Shares in resources companies have been hugely volatile in recent weeks and buying them now seems to be a risky move. After all, the outlook for the industry is highly uncertain – the  oil price could continue to fall, causing profitability and investor sentiment to decline yet further.

Even so, a number of investors may be wondering whether now finally represents the right time to buy resources companies. After all, their share prices have already fallen by a huge amount and they could prove to offer good value for money. The decision therefore, is whether the level of potential reward is sufficient for the amount of risk being taken.

Cost-cutting

With Enquest’s (LSE: ENQ) shares having fallen by 62% in the last year, it could be viewed as offering a tremendous amount of upside potential. While this may be the case, in the near term Enquest is expected to struggle to tread water in a depressed oil price environment, with the company forecast to record a fall in its pre-tax profit of £37m in the current year.

As a result of this, it has today announced the loss of 45 jobs at its North Sea operations. This is part of a cost cutting process, in which Enquest is rumoured to be seeking to sell off stakes in various assets to strengthen its financial outlook. Although the company’s shares have fallen in value, it may prudent to stick with profitable businesses which still offer high potential rewards and less risk.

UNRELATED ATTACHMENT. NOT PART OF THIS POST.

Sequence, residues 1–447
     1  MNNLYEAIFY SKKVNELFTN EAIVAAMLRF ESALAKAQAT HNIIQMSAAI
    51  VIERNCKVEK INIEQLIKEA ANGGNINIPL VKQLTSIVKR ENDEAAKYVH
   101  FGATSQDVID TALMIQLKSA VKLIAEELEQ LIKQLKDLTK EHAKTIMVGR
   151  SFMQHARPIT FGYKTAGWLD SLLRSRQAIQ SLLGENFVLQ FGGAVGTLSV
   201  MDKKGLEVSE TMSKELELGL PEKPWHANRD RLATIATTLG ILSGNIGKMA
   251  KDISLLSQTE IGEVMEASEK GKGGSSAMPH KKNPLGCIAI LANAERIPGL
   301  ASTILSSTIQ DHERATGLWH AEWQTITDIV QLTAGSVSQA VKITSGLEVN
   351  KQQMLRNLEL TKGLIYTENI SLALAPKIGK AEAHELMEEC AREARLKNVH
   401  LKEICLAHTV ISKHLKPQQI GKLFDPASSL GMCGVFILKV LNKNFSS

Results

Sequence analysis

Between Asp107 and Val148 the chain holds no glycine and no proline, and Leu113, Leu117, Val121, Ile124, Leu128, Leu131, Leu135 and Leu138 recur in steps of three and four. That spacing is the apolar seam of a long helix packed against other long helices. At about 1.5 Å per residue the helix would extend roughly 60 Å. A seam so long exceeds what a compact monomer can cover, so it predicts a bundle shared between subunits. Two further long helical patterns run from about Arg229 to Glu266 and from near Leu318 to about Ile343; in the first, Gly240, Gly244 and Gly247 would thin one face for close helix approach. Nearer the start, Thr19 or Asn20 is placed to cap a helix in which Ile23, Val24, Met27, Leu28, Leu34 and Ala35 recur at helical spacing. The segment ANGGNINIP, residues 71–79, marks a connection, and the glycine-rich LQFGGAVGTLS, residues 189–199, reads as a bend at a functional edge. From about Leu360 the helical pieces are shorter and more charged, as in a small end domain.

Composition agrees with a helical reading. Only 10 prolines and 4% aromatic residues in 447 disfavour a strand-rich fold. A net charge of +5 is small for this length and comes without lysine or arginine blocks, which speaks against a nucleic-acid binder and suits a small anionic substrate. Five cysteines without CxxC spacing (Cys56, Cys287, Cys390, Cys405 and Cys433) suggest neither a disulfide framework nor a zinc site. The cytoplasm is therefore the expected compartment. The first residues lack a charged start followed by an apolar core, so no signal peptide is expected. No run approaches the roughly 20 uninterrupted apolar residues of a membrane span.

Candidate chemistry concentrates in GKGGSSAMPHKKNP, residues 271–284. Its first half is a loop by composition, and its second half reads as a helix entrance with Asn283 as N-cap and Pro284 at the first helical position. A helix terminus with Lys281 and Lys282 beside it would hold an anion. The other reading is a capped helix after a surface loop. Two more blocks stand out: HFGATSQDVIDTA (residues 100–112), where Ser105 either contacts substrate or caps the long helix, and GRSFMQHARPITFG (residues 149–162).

Expanding

Of course, a depressed oil environment creates opportunities for companies to take advantage of assets trading at discounted prices. For example, Amerisur (LSE: AMER) recently announced the acquisition of Platino Energy for $7m, with 22.7m shares being issued in order to fund the deal.

This move is in-line with Amerisur’s strategy of expanding the company’s asset base and could strengthen its long term profit outlook, as well as providing a degree of diversification. As with Enquest, Amerisur’s bottom line has come under pressure in recent years, but following a challenging 2015 it is due to return to a pre-tax profit in 2016. However, with its shares trading on a forward price to earnings (P/E) ratio of 16.2, there appear to be better options elsewhere in the resources sector.

Struggling

Meanwhile, Petroceltic (LSE: PCI) was thrown a lifeline in January when its lenders agreed to a debt waiver on its senior bank facility. In addition, it is rumoured to have become a potential bid target for its major shareholder, Worldview, which holds a near-30% stake in Petroceltic. If a bid were made — by Worldview or anyone else — then it could lead to significant short term gains for investors in Petroceltic.

However, there is no guarantee that any such bid will be made, and with Petroceltic struggling to service its debts, it appears to be facing a very uncertain future. So, while the potential rewards may be high, the risks appear to be sufficient to dissuade even the least risk averse of investors from buying a slice of the company.

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Peter Stephens has no position in any shares mentioned. The Motley Fool UK has no position in any of the shares mentioned. We Fools don't all hold the same opinions, but we all believe that considering a diverse range of insights makes us better investors.